Lots of retailers do similar things.  Every retailer should.

    Published on: August 5, 2022

    •  The ADUSA Supply Chain division of Ahold Delhaize USA announced that Sanja Krajnovic as EVP, Distribution and Transportation, joining the company "as Ahold Delhaize USA companies continue to transform the supply chain to an integrated self-distribution model for the future."

    Krajnovic is the former senior vice president of store operations at Dollar General, as well as previously served as group vice president for global supply chain and logistics at Target.

    Published on: August 5, 2022

    We had a story the other day about how the nation's infrastructure is not built for the climate change-related events that we've seen lately, and led me to ask if businesses are any more prepared.  (I am dubious.)

    One MNB reader responded:

    I’m a Texan by birth, having lived there most of my life.  We’ve resided in Seattle for 2 years now, and I laughed at the recent record Seattle set for most consecutive days over 90 (6 days….seriously).  Seattle weather is fantastic, especially in the summer, and I now welcome the lightly raining days because it means we have water.  People complain about everything, but this Texan will never again complain about the weather in Seattle.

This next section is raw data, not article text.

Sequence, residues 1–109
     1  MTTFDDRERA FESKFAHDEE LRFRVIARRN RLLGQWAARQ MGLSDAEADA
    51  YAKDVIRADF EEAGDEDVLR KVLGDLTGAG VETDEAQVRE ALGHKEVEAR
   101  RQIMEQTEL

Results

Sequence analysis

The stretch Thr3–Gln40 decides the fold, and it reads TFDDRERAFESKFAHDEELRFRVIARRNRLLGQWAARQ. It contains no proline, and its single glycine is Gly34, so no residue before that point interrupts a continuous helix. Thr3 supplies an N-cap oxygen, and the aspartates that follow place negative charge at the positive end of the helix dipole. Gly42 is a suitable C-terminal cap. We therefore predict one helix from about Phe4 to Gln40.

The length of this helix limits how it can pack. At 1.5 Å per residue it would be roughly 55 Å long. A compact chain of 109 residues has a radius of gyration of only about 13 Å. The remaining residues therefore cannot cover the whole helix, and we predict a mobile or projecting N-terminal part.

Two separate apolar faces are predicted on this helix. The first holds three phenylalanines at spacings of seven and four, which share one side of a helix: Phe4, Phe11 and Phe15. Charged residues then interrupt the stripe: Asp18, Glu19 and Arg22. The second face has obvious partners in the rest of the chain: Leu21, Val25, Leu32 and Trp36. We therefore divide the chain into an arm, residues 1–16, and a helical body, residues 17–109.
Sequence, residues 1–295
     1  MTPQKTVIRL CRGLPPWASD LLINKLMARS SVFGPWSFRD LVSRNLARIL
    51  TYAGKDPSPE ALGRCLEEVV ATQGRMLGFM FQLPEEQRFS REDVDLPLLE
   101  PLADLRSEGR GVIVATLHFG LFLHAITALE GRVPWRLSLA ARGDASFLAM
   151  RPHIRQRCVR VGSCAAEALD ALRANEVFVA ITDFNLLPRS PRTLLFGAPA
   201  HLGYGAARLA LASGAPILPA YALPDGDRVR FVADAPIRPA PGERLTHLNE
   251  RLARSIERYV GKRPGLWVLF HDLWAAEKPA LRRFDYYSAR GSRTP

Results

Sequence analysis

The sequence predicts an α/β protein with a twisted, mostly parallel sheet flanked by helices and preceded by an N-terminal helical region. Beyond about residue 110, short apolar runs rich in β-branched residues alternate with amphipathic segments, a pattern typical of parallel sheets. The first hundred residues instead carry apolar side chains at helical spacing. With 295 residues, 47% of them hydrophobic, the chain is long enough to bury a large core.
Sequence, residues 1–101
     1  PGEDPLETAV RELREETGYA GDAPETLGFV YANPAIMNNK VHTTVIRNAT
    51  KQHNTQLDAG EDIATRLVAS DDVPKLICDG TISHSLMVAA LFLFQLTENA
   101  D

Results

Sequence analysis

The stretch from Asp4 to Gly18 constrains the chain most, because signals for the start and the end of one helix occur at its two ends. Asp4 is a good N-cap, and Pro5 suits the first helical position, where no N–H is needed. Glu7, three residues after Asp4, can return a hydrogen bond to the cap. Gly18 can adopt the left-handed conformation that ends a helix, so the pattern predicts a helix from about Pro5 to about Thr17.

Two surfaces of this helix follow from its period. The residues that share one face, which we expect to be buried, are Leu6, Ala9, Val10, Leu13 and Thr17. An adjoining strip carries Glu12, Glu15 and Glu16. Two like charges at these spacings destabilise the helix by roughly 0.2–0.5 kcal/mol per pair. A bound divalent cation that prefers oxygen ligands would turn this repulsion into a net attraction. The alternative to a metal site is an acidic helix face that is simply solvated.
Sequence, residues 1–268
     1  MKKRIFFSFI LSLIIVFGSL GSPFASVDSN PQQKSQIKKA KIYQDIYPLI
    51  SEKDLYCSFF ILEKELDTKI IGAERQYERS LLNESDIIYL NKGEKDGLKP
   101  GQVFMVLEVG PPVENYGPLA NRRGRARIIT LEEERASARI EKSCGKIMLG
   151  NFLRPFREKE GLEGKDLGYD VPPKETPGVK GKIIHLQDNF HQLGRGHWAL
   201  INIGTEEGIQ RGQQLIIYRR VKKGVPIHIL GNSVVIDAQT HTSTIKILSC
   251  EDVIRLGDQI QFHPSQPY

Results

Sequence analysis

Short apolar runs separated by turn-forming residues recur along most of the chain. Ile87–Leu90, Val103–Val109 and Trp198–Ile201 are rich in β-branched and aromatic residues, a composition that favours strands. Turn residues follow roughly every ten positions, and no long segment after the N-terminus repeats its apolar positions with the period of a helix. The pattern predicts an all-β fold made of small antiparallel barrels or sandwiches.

You make me sort of homesick.  I miss the Pacific Northwest.  Desperately.



    The other day we reported that "National Retail Federation (NRF) Chief Economist Jack Kleinhenz said … that "despite two consecutive quarters of decline, the U.S. economy still does not appear to be in a recession and remains unlikely to enter one this year."

    I commented:

    It seems clear that if/when we go into recession, it is likely to be unlike recessions of the past.  Unemployment remains at records lows, and the pandemic has helped to create simultaneous factors that make the current situation an outlier.

    So, we'll see.  A recession could be shallow and short.  Or…it could be something else.

    One MNB reader wrote:

    Don’t know what world you live in but for those of us involved everyday with normal Americans trying to make a living … we are already in one!!

    Sometimes, I suppose, you just have to shoot the messenger.



    Walmart said this week that it is unveiling "Walmart Restored, our new program created to help customers discover refurbished products at everyday low prices. In a year when customers are looking for ways to save money, like-new refurbished products have become an increasingly popular way to cut down on costs without sacrificing quality."

    I commented:

    The other day we had an email from a reader complaining that Walmart had lost its way, that it was trying to do too many things and be all things to all people.  I disagreed with that assessment, and think that this story illustrates that the company is testing a lot of different initiatives, which is a good thing, but has its eye on the ball of serving its core constituency.